RT: Even though I bought New Leaf in 2013 and downloaded Pocket Camp when it came out, I never got into them the way I did Wild World. New Leaf came out when I was finishing undergrad, so I was definitely too busy working and studying—relaxation was unfortunately the last thing on my mind back then. The best part of New Horizons so far has been seeing the memes and TikToks all over social media, especially in a time where so many of us need lightheartedness and joy. I love seeing how people get creative in decorating their towns, but I’ve really enjoyed seeing the gorgeous fashion people have been designing for their characters.

A screenshot from Animal Crossing New Horizons. A player, surrounded by animal villagers, celebrates in front of town hall.

A player joins a celebration on Animal Crossing New Horizons. (Photo credit: Nintendo/Rachel Charlene Lewis)

What is it about AC that uniquely positions it as a calming game that helps with mental health?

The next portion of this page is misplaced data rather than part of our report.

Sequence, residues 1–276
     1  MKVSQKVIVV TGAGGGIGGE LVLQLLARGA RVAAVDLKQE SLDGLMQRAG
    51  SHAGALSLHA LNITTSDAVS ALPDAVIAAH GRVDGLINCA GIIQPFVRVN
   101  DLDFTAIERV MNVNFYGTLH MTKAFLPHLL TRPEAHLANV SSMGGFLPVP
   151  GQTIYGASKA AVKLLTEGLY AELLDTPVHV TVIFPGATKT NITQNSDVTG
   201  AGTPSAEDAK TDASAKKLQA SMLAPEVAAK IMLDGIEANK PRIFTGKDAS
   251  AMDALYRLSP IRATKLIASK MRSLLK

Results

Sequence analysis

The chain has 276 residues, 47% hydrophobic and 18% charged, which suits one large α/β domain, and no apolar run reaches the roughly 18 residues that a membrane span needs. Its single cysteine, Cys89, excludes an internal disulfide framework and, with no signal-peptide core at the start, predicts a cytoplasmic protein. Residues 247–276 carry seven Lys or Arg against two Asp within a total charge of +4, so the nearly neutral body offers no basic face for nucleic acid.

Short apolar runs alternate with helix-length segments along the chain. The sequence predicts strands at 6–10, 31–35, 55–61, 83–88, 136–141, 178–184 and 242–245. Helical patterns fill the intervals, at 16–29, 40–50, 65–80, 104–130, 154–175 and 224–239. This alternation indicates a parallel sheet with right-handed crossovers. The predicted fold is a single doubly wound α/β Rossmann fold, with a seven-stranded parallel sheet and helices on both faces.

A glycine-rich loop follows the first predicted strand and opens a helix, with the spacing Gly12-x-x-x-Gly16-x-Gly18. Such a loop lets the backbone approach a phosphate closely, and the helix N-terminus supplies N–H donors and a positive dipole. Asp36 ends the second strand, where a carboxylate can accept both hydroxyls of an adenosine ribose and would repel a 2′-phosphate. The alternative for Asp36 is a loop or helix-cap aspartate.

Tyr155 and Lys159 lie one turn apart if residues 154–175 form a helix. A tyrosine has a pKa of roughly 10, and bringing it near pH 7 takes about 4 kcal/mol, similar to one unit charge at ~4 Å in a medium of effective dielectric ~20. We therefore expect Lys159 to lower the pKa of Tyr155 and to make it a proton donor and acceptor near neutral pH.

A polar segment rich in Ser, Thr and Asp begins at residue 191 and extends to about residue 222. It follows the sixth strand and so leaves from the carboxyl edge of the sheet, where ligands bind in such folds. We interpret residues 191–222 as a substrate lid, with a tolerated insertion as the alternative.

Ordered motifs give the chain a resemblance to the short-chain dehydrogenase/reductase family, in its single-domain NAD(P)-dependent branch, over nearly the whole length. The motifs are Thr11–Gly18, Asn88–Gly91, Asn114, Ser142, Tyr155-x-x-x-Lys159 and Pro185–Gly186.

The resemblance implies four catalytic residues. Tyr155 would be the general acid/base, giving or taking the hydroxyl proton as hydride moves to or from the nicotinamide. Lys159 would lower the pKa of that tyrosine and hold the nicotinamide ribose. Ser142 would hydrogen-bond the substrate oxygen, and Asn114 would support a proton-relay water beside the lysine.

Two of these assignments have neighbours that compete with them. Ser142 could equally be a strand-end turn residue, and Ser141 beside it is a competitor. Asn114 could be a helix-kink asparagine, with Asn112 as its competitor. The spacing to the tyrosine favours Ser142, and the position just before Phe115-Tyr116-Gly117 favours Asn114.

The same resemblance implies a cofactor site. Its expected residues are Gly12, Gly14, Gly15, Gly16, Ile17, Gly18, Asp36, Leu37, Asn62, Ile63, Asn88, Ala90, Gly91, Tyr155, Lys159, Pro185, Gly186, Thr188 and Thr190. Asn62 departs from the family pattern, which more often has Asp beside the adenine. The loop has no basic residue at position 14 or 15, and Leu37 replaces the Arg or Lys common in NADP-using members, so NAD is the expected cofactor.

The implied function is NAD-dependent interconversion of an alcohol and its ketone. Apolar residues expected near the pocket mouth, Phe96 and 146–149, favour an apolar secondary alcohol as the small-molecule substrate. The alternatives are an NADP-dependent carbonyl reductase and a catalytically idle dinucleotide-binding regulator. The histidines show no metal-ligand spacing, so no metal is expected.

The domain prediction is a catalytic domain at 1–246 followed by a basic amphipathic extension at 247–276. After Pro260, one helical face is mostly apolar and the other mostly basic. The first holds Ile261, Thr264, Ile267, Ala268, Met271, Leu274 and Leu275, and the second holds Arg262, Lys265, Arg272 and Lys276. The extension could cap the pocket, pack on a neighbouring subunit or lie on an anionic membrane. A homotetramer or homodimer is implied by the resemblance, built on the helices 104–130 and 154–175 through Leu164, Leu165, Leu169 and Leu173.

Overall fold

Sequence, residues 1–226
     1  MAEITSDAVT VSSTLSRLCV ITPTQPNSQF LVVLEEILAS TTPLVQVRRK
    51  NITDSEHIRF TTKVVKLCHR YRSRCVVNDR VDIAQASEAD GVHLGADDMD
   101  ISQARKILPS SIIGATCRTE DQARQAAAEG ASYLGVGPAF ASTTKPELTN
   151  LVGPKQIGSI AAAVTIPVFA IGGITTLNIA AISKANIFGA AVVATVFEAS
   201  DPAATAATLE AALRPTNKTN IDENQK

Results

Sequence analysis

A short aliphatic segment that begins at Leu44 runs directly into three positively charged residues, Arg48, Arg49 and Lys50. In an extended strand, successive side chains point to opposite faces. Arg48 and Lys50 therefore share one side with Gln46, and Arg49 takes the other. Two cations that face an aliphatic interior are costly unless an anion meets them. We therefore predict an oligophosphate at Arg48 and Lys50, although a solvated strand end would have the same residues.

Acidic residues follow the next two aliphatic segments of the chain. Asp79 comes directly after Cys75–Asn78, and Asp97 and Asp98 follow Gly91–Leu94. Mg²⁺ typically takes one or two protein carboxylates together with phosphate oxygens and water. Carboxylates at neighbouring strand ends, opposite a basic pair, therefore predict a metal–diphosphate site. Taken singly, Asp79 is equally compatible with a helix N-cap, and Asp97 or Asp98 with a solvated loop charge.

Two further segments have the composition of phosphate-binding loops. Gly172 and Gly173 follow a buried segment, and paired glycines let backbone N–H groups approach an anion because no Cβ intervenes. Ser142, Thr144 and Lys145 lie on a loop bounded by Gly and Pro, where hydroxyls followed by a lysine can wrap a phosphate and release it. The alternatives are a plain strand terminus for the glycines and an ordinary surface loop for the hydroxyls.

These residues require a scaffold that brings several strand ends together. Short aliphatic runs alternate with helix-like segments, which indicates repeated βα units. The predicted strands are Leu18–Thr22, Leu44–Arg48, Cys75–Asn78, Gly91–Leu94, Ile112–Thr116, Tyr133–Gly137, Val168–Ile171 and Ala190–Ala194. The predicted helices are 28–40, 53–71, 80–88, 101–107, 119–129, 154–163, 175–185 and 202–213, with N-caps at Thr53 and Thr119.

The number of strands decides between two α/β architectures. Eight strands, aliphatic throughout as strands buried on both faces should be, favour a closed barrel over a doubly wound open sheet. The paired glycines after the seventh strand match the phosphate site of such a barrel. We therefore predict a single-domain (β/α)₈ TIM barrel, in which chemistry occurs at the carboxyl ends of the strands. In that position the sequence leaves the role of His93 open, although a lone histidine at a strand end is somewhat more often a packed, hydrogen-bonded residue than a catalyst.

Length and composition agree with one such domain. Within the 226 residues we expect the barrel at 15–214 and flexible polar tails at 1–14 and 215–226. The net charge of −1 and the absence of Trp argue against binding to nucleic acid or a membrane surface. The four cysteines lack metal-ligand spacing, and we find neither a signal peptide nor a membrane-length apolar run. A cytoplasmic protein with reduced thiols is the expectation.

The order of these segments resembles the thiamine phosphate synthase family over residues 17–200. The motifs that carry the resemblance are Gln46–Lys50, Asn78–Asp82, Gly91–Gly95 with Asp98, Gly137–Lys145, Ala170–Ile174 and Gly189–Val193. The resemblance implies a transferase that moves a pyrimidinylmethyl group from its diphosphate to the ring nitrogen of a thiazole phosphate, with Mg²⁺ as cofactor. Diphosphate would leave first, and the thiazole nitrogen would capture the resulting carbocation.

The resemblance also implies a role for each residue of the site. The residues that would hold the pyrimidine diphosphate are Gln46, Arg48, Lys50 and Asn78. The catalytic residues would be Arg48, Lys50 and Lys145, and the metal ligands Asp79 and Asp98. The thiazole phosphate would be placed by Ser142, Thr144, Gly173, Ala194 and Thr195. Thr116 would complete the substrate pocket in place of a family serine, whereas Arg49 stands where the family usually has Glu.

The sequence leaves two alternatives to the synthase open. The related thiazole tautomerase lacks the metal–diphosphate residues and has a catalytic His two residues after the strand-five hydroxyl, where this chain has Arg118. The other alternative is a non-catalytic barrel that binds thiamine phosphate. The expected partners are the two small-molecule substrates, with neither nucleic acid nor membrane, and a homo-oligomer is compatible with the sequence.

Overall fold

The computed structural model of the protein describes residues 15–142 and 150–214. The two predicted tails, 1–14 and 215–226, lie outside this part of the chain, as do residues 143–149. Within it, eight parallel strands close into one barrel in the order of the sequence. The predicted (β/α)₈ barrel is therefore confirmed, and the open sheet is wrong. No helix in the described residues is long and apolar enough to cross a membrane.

RCL: A lot of my anxiety is based in leaving the house, so Animal Crossing became a way for me to explore and do all the things I wish I [were] “brave” enough to do outdoors. I’m probably never going to fish or catch bugs or chat up townspeople, but in AC, I do.

AV: I don’t really like exploratory or story-driven games. I’m too type A, and [I] stress out too much about whether or not I’ve done everything correctly, so I can’t enjoy those games as much. I find it really soothing when a game lists out what I need to accomplish to move the game forward (and when those tasks are not violent [and] don’t hurt anyone in-game). The act of running around and shaking trees for virtual money is low stakes and is simple enough that I find myself unclenching from the day when I do it.

MW: When I’m feeling anxious, it helps to have an outlet to redirect my attention to. Everything about Animal Crossing—from the cute aesthetic to the wholesome music to the mundane tasks and lack of combat or high stakes—feels like it’s designed to keep me calm. It’s a very soothing game. I also like the routine of the game. It’s similar to The Sims (which a lot of mentally ill folks also play to chill out) in the sense that you’re literally playing as a person doing regular everyday tasks. When I think about the daily tasks I have to do in my own life, it can sometimes feel overwhelming, depending on where my mental health is. But for some reason, completing similarly mundane tasks in a wholesome game like Animal Crossing is relaxing—[probably] because there are zero real-life consequences.